The Software Installation extension, a software management feature of Windows 2000, is the administrator's primary tool for managing software within an organization. Managing software using Software Installation provides your users with immediate access to the software they need to perform their jobs and ensures that users have an easy and consistent experience when working with software throughout its life cycle. Users no longer need to look for a network share, use a CD-ROM, or install, fix, and upgrade software themselves. This lesson walks you through the steps for implementing Software Installation.
After this lesson, you will be able to
Estimated lesson time: 75 minutes
Three tools are provided with Windows 2000 Server for software installation and maintenance. Table 20.3 describes these tools.
Table 20.3 Windows 2000 Software Installation and Maintenance Tools
|The Software Installation extension of the Group Policy snap-in||Used by administrators to manage software|
|Windows Installer||Installs software packaged in Windows Installer files|
|Add/Remove Programs in Control Panel||Used by users to manage software on their own computers|
The Software Installation extension is the administrator's primary tool for managing software within an organization. Software Installation works in conjunction with Group Policy and Active Directory, establishing a Group PolicyGroup Policy-based software management system that allows you to centrally manage the following tasks:
Using Software Installation, you can centrally manage the installation of software on a client computer by assigning applications to users or computers or by publishing applications for users. Assign required or mandatory software to users or to computers. Publish software that users might find useful to perform their jobs.
When you assign an application to a user, the application is advertised to the user the next time he or she logs on to a workstation. The application advertisement follows the user regardless of which physical computer he or she actually uses. This application is installed the first time the user activates the application on the computer, either by selecting the application on the Start menu or by activating a document associated with the application.
When you assign an application to the computer, the application is advertised and the installation is performed when it is safe to do so. Typically this happens when the computer starts up so that there are no competing processes on the computer.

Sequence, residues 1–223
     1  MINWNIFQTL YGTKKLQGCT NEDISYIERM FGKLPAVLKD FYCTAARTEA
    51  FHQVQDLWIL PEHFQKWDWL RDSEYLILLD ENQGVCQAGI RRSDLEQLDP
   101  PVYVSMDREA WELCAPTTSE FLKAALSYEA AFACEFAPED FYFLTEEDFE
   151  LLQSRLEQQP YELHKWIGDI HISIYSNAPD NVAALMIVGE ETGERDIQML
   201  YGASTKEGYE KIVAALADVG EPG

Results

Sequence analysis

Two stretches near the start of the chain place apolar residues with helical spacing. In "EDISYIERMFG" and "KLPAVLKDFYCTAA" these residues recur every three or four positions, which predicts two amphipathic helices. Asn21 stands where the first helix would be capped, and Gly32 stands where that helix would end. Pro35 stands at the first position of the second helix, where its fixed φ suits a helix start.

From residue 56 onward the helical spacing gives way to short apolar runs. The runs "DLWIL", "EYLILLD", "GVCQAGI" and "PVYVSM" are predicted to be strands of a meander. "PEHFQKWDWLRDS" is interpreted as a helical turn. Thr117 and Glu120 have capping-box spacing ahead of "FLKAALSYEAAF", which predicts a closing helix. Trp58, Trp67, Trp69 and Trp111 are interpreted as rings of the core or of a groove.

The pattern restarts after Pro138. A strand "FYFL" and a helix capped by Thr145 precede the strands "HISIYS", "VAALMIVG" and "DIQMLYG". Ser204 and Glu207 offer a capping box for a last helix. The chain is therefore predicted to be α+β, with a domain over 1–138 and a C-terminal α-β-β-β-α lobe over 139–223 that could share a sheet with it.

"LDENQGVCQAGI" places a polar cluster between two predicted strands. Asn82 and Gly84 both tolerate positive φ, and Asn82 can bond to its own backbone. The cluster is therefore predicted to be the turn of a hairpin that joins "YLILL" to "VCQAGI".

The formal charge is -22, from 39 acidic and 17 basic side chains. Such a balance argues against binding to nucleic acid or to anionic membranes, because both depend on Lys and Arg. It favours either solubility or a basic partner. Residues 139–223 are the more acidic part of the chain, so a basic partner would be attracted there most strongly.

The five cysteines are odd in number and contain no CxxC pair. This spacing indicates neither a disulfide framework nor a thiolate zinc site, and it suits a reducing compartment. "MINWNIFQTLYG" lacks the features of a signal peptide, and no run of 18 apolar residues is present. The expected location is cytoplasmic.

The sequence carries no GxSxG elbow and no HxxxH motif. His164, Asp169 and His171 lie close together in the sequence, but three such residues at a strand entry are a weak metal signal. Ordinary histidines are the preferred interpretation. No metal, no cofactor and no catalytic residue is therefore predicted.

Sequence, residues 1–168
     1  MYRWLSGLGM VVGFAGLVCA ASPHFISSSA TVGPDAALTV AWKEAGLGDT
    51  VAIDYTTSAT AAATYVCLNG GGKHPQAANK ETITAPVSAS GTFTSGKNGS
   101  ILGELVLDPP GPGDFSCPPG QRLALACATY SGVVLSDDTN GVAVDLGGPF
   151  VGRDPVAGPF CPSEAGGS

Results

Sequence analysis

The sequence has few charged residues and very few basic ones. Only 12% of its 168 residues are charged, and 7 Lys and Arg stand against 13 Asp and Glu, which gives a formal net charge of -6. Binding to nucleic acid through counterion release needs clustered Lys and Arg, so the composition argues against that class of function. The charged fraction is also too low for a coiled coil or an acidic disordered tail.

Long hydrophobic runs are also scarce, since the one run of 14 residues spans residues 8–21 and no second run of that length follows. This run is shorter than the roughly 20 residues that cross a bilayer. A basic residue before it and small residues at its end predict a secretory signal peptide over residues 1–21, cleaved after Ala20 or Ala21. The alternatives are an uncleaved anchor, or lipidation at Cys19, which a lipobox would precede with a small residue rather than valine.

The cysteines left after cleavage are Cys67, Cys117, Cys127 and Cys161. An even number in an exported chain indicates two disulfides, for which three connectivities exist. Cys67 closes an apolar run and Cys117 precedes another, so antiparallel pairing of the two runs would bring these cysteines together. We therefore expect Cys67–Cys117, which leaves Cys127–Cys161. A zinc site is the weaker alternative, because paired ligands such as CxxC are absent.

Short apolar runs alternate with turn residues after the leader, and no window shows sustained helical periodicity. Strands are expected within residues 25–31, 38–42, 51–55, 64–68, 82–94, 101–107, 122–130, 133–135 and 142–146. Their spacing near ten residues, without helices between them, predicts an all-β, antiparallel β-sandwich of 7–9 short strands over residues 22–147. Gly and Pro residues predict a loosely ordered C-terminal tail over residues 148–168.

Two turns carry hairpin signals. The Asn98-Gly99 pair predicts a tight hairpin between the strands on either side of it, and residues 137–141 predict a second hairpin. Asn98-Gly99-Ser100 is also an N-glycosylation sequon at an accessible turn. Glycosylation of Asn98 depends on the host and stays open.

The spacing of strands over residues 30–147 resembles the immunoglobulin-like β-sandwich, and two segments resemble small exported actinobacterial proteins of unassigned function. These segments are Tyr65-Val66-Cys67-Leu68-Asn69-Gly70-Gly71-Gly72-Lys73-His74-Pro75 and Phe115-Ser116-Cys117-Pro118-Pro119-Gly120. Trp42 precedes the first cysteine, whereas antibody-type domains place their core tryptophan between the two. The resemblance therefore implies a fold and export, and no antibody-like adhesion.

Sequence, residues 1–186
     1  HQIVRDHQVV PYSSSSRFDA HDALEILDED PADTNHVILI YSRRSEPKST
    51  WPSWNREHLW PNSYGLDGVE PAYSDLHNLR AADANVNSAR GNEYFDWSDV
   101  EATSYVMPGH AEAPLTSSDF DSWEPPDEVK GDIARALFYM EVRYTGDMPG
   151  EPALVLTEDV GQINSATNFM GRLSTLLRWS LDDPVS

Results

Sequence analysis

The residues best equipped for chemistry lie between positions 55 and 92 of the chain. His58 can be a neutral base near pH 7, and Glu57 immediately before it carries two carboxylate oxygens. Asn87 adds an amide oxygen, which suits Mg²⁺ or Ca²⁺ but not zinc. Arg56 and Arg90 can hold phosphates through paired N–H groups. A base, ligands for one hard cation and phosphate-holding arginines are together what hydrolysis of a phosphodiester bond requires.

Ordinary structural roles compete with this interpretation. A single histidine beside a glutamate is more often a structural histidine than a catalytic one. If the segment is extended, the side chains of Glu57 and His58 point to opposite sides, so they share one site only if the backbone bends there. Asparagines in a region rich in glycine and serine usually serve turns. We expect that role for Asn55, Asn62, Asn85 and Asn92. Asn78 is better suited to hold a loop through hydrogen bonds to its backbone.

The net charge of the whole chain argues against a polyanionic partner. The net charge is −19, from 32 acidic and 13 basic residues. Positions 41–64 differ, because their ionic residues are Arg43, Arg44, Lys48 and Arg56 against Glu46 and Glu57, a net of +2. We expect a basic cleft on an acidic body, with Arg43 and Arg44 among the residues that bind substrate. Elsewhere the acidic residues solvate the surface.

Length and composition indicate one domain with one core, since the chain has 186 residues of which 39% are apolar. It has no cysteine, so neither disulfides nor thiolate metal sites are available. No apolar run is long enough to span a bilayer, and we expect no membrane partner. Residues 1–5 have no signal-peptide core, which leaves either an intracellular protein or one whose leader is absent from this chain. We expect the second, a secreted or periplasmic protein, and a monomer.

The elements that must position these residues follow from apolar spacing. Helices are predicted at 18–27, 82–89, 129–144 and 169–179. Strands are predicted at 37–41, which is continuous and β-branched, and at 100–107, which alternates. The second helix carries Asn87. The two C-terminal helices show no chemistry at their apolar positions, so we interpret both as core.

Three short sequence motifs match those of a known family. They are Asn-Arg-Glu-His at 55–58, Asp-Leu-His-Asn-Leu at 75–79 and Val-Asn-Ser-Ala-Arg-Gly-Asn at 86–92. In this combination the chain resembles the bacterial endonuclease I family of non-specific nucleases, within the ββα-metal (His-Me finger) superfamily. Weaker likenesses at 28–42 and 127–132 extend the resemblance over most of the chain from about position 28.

When you publish the application to users, the application does not appear installed on the users' computers. No shortcuts are visible on the desktop or Start menu, and no changes are made to the local registry on the users' computers. Instead, published applications store their advertisement attributes in Active Directory. Then, information such as the application's name and file associations is exposed to the users in the Active Directory container. The application is then available for the user to install using Add/Remove Programs in Control Panel or by clicking a file associated with the application (such as an .xls file for Microsoft Excel).
The Software Installation extension uses Windows Installer technology to systematically maintain software. Windows Installer is a service that allows the OS to manage the installation process. Windows Installer is composed of three key parts:
Because Software Installation takes advantage of Windows Installer, users can take advantage of self-repairing applications. Windows Installer notes when a program file is missing and immediately reinstalls the damaged or missing files, thereby fixing the application.
The Windows Installer package is a file that contains explicit instructions on the installation and removal of specific applications. The developer who produces the application provides the Windows Installer package .msi file and ships it with the application. If a Windows Installer package does not come with an application, you might need to create a Windows Installer package, or repackage the application, using a third-party tool.
You can only deploy software using the Software Installation extension if the file type fits one of the following categories:
In addition, you can make modifications to customize the installation of a Windows Installer package at the time of assignment or publication. Modifications are saved with the .mst file extension.
Other files you may encounter during Software Installation are
You can customize Windows Installer applications by using modifications, also called transforms. The Windows Installer package format provides for customization by allowing you to "transform" the original package using authoring and repackaging tools. Some applications also provide wizards or templates that permit a user to create modifications.
For example, Microsoft Office 2000 supplies a Customization wizard that builds modifications. Using the Microsoft Office 2000 Customization wizard, you can create a modification that allows you to manage the configuration of Microsoft Office 2000 that is deployed to users. A modification might be designed to accommodate Microsoft Word as a key feature, installing it during the first installation. Less popular features, such as revision support or document translators, could be installed on first usage, and other features, such as clip art, might not be installed at all. You might have another modification that provides all of the features of Word and does not install Microsoft PowerPoint. The exact mix of which features to install and when to install them varies based on the audience for the application and how they use the software.
The following is the sequences of tasks use to implemente software installation:
When planning a software installation, you should do the following:
Table 20.4 describes strategies and considerations for implementing a software installation. Some of these strategies might seem contradictory, but select the strategies that meet your business goals.
Table 20.4 Strategies and Considerations for Implementing Software Installation
|Create OUs based on software management needs.||Allows you to target applications to the appropriate set of users. Group Policy security settings are not required to target the appropriate set of users.|